Or research together with your children. My website, “Kids Against Climate Change,” has child-friendly articles and videos for all age groups. Discuss what you’ve seen and read, both the facts and your feelings.

If your children express anxiety over climate change, acknowledge their concerns. Make sure they have the correct facts; then assure them that there are grown-ups taking steps to slow down climate change. Project Drawdown highlights many effective actions being taken to reduce greenhouse gases in the atmosphere, such as replacing gas burning stoves, ovens, furnaces and boilers with those that run on electricity. Look at the website together and discuss your favorite ideas.

But you’ll have to acknowledge that it’s not enough. Everyone needs to be mindful to live more sustainably; that is, to live in a way that Earth’s natural resources (trees, clean water and even clean air) are not depleted.

The first place to start is to reduce waste: electricity, water, food. Turn off lights when not needed. Use less air conditioning and heat. Use less water. Take only the food you’ll eat. Explain that not only will this help the planet, it will save money in the family piggy bank.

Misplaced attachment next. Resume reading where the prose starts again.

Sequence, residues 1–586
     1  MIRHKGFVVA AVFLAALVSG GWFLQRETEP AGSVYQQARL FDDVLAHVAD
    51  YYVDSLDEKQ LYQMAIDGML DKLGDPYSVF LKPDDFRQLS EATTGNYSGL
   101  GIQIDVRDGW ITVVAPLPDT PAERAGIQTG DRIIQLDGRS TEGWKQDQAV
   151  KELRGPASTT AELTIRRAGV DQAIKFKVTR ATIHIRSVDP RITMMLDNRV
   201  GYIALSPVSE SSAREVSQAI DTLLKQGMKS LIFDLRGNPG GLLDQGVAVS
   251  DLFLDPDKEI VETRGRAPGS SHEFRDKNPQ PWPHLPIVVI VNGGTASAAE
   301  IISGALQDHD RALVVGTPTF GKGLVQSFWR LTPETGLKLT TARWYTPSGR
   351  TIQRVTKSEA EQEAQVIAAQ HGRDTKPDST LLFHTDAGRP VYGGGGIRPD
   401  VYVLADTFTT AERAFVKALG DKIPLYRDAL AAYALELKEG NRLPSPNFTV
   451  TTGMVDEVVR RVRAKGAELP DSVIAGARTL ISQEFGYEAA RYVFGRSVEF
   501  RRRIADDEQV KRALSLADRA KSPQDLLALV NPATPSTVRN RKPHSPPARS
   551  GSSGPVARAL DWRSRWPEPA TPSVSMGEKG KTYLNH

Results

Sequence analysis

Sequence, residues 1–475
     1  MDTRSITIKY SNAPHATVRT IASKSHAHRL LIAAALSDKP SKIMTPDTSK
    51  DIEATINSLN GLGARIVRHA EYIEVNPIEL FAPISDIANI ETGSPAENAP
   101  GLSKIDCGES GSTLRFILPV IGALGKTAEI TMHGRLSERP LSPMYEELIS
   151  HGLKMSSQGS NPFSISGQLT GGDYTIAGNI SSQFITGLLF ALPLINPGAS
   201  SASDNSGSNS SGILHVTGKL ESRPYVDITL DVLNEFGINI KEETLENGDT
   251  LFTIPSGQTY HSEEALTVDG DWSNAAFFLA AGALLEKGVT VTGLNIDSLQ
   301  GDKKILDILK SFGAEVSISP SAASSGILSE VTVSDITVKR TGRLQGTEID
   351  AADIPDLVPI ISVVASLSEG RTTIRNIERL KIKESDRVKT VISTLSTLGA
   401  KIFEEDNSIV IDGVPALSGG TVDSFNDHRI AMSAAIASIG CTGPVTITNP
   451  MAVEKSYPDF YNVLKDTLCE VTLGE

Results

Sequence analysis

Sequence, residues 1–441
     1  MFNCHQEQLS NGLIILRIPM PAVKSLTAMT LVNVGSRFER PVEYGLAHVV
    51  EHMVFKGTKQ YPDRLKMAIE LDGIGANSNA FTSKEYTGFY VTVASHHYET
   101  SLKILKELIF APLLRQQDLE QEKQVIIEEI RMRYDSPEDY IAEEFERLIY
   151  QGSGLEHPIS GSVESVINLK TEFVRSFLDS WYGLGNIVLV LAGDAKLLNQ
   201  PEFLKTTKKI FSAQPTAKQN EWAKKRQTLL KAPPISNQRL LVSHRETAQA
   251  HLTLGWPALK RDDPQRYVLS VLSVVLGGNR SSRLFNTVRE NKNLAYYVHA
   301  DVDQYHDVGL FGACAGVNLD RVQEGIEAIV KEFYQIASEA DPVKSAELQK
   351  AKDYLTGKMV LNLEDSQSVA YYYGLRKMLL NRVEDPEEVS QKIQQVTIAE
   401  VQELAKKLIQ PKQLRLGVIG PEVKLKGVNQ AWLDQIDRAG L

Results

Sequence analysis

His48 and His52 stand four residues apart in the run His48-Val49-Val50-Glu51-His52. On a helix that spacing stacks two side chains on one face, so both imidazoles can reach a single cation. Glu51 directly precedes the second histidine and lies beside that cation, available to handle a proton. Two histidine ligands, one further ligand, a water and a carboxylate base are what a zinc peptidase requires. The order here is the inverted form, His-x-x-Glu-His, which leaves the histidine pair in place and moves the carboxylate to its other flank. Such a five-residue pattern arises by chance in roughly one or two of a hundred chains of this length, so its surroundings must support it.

A mother and daughter pick up plastic bottles and other trash from a beach. - Kosamtu/E+/Getty Images

A mother and daughter pick up plastic bottles and other trash from a beach. – Kosamtu/E+/Getty Images

Remember that actions speak louder than words, so the more your family can do to use less the better. Make a list of climate actions and post it on the fridge, such as turning off the water while brushing teeth, recycling, composting food scraps, unplugging chargers when not in use. Check them off when family members do them. I’ll bet your children would love to decorate the chart, perhaps with a colorful environmental theme. And if you want to be super cool parents, and give your children bragging rights at school, put solar panels on your house or buy an electric car.